The first day of March (2016), we rolled out of Alsation RV Resort in Castroville to make our way back to one of our favorite Texas destinations; Galveston Island. We had reservations made the previous October for the month of March because we loved it so much. We were promised good, spring-like weather.
On our drive, getting closer to Galveston, we went through Bay City and above was a huge banner strung from both sides of the street “6th Annual Seafood Festival – March 12, 2016 – Matagorda”. We made a mental note but apparently Dan forgot. How could he? I mean, c’mon, over twenty-five years of living up in New England leaves a permanent appetite for good seafood.
On the morning of the 12th, we rose with the sun, had our coffee and decided to two-up on Lisa’s Heritage (Dan’s bike was sold by then) because trying to find decent parking for Captain America is almost nonexistent in small town events. However, we always could find a spot for a lone motorcycle. We got dressed for the ride, grabbed our water bottles, road map, phones and rode down the coast to Matagorda.
Matagorda isn’t by any means a large city or town but that’s what we are all about small towns. Its where we think America begins and ends.
Matagorda is a township in Matagorda County, located near the mouth of the Colorado River on the Upper Texas coast in the United States. In 2010, the population was 503. Matagorda is primarily a tourist town with commercial and recreational fishing being the top industries. There are 23 miles of beach accessible by vehicle and 35 additional miles accessible only by boat. Matagorda is at the end of State Highway 60 and beginning of Farm to Market Road 2031, which runs over the Intracoastal Waterway and south to the Gulf of Mexico.
We thought because this was at the town’s Fire Hall, it meant it was going to be just a small fundraiser for a local organization. When we entered the town of Matagorda, we were surprisingly wrong. There were cars and pickups parked on both sides of the street about a half mile back.
We thought we’d have a hard time finding even a small space for the motorcycle, however, we scored! Once we got to the entrance of the festival, a nice man in a neon orange vest directed us to a space right smack near the main gate. Coincidentally, it was ‘motorcycle and golf cart parking’ for a local bar and grill. Who’da known!?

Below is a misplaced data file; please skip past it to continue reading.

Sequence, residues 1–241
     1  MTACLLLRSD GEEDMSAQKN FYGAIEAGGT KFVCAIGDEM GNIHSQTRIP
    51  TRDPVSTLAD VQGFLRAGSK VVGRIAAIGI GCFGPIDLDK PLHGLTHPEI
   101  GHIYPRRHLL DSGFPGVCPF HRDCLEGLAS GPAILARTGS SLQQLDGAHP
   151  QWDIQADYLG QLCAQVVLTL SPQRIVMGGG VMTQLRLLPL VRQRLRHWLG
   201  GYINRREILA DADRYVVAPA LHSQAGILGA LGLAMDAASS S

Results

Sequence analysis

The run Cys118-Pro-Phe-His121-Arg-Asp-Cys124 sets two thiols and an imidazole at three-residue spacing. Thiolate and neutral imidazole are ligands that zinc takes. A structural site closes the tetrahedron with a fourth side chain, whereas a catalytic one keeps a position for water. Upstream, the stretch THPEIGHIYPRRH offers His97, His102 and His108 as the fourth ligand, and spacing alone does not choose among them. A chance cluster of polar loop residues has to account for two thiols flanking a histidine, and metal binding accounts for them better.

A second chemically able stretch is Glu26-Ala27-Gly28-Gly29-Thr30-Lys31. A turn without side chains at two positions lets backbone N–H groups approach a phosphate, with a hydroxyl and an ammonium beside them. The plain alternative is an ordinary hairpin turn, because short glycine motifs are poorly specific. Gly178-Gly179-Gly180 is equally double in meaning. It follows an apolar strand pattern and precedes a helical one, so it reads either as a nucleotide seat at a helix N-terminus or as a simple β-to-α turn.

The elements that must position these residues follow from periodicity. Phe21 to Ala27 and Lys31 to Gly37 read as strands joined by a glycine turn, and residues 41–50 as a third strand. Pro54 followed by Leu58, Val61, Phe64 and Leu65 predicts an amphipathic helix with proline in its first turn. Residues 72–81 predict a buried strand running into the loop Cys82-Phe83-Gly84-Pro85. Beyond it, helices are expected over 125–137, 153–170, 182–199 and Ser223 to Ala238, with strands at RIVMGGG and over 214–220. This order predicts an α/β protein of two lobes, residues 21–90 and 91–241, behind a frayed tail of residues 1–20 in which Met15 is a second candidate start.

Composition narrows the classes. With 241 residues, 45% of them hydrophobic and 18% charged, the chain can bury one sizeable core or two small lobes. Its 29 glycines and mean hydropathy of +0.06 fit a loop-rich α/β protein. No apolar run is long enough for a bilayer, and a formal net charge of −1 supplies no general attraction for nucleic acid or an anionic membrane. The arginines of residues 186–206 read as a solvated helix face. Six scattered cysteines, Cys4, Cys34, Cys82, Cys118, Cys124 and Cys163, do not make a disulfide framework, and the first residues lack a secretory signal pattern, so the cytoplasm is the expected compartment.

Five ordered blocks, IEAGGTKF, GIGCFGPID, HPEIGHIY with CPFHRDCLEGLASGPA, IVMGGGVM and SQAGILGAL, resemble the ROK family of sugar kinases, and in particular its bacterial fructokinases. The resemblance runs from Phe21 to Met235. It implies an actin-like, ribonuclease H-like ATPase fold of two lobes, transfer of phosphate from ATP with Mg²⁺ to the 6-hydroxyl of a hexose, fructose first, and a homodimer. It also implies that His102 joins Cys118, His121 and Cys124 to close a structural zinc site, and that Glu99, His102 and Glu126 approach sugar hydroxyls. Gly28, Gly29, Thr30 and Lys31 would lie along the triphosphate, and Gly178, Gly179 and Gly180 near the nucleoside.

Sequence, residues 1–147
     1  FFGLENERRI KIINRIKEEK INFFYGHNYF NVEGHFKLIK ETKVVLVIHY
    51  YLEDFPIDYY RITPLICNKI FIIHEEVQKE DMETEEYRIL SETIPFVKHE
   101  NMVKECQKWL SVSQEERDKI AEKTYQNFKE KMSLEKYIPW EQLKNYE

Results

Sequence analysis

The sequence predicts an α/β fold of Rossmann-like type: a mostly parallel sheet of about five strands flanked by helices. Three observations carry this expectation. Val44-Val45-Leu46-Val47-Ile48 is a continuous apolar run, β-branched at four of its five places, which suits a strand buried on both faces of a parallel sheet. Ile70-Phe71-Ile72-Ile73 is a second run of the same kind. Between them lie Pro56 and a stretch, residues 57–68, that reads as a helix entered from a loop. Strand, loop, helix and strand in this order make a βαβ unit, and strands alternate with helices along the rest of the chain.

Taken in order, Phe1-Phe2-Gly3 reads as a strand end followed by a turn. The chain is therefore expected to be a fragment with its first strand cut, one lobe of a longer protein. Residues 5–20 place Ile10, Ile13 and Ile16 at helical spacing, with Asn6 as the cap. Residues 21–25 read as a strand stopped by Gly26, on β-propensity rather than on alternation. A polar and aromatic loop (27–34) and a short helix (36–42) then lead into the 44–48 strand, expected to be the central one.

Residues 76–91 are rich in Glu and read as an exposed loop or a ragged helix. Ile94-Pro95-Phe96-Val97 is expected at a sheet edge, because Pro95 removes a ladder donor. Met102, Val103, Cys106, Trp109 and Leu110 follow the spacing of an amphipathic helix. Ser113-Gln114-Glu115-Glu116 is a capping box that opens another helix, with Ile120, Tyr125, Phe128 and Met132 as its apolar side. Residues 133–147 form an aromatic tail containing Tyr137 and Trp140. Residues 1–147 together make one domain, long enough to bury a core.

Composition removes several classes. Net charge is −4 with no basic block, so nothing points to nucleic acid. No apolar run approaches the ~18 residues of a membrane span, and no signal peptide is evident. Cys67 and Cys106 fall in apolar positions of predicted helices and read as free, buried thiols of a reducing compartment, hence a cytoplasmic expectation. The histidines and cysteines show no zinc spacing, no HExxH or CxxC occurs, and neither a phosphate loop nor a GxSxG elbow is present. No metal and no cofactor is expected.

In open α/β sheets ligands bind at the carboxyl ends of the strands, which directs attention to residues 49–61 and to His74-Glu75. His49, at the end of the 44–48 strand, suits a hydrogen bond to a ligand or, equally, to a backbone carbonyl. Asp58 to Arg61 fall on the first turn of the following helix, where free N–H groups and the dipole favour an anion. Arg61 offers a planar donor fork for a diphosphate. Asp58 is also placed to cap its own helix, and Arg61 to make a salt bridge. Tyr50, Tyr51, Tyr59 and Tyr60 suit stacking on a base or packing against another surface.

Once we got off the bike, we took off riding gear, slapped on our ballcaps and walked the very short distance to the main gate booth to pay for our $5 each event bracelets. It was rather crowded.
We noticed that folks traveled quite a ways to support this worthwhile festival by reading their shirts and hats. There were folks of all ages; tots, teens, twenties and tea toters.
Once we got inside the festival, there were some local vendors who sold their crafts and wares. We couldn’t really buy anything because, of course, we live in an RV with very limited space and weight. But we still looked.
There was a lot going on; silent auction, raffles, organization support tables, arts & crafts, kids tattoos and face painting, a live ‘Texas Cajun’ band…
…and even their own….Texas Hula Belly Dancers! No….REALLY…we got pictures!! SEE!!
Since it was nearing 11:00 a.m., we bee-lined to the food table. We paid our $10 each for our tickets to get our platters. We were so ready for this moment! We love seafood and where better than to get it a ‘seafood festival’!
There was ample seating for everyone to enjoy their vittles. Our only complaint was the only non-alcoholic beverage they offered was ‘sweet tea’. We don’t do sweet tea…we don’t do sugar. Luckily, we had our water bottles. We copped a squat at one of the tables and dug right in!
We had to get back on the road as it was getting late. We had some places to stop on our way back to our home on wheels. Though it was still quite breezy, we still enjoyed the ride.